According to the U.S. Department of Labor, the Fair Labor Standards Act (FLSA) establishes laws regarding overtime pay. These laws dictate who is eligible for overtime, as well as how much eligible workers must receive.
All workers should understand FLSA regulations and employer obligations. Here are a few things to keep in mind about overtime rates.
Who is eligible for overtime pay?
Any employee aged 16 or older can receive overtime pay. Workers receive overtime pay when they go beyond 40 hours in a single workweek. Employees 16 and older do not have limits on how much they can work in a given week. If work is available, they can accrue as many hours as they feel comfortable with and must receive the proper compensation as a result.
How much overtime pay should a person receive?
Workers must receive 1.5 times their normal hourly rate. For example, if you receive $12 an hour, your overtime rate is $18 an hour. Employers must pay at least this amount when compensating you for overtime.
How long is a standard workweek?
Workweeks consist of 168-hour periods, which equals “seven consecutive 24-hour periods”. That does not mean the workweek must follow the calendar. Workweeks can start on any day and at any hour based on an employee’s schedule.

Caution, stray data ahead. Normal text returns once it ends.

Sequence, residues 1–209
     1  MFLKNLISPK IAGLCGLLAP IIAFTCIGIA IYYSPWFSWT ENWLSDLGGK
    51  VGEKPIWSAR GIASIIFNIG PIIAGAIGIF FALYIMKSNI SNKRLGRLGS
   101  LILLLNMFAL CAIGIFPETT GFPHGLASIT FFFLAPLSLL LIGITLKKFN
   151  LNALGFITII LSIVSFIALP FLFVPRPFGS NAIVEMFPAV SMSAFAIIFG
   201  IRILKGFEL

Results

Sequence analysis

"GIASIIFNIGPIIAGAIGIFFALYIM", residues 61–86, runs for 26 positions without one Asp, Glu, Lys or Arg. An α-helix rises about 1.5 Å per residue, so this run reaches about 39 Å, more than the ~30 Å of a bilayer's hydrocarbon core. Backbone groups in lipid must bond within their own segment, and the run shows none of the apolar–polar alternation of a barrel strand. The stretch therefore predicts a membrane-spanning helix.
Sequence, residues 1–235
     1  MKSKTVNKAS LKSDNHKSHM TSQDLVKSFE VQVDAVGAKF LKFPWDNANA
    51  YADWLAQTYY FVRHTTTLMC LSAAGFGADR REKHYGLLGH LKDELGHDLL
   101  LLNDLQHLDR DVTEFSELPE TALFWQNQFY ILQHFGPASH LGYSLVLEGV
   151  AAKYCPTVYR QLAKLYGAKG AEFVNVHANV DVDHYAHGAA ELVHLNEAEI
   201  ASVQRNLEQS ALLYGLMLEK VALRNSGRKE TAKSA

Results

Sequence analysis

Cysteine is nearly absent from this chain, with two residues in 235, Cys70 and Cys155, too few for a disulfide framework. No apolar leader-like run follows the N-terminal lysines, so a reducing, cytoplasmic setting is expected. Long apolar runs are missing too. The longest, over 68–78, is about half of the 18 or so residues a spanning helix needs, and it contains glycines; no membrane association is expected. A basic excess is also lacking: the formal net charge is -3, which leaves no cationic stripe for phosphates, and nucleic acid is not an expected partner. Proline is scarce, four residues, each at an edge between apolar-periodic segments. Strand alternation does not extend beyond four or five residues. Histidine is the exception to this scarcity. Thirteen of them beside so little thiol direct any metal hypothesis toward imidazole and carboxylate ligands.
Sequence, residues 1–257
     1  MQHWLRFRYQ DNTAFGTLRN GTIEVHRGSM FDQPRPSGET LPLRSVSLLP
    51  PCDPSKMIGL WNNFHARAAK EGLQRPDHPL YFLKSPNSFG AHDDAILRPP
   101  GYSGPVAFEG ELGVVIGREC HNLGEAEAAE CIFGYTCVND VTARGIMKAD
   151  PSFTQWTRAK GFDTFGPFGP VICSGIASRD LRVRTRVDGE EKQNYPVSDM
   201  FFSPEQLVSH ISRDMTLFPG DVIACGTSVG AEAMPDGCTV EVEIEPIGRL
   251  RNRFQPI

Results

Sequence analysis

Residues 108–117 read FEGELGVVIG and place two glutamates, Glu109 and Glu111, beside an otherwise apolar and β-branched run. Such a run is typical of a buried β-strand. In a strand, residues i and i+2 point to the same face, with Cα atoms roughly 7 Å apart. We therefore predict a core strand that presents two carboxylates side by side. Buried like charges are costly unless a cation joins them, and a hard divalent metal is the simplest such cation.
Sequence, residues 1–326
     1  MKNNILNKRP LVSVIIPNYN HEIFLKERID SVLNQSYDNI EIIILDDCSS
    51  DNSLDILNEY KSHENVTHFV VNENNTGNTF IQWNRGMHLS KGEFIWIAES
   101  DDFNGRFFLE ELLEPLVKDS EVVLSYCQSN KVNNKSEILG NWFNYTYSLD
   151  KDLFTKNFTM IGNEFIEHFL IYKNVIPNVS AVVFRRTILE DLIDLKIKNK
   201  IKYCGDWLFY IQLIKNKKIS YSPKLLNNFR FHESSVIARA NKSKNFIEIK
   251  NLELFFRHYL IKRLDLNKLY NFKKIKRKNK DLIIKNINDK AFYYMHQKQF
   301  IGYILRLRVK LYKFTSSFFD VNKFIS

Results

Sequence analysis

When must employers provide overtime pay?
Staff receives overtime pay on the regular payday for the pay period when they exceeded 40 hours.
Do weekends and holidays count?
Weekends, holidays, and any other days of rest do not warrant overtime pay on their own. The only exception is when an employee works overtime on these days based on the standard workweek schedule.
Do not hesitate to speak up if you feel you have not received the correct rate of pay based on hours worked. Employers must follow the rules set forth by the FLSA, and there are legal actions to take if they fail to do so.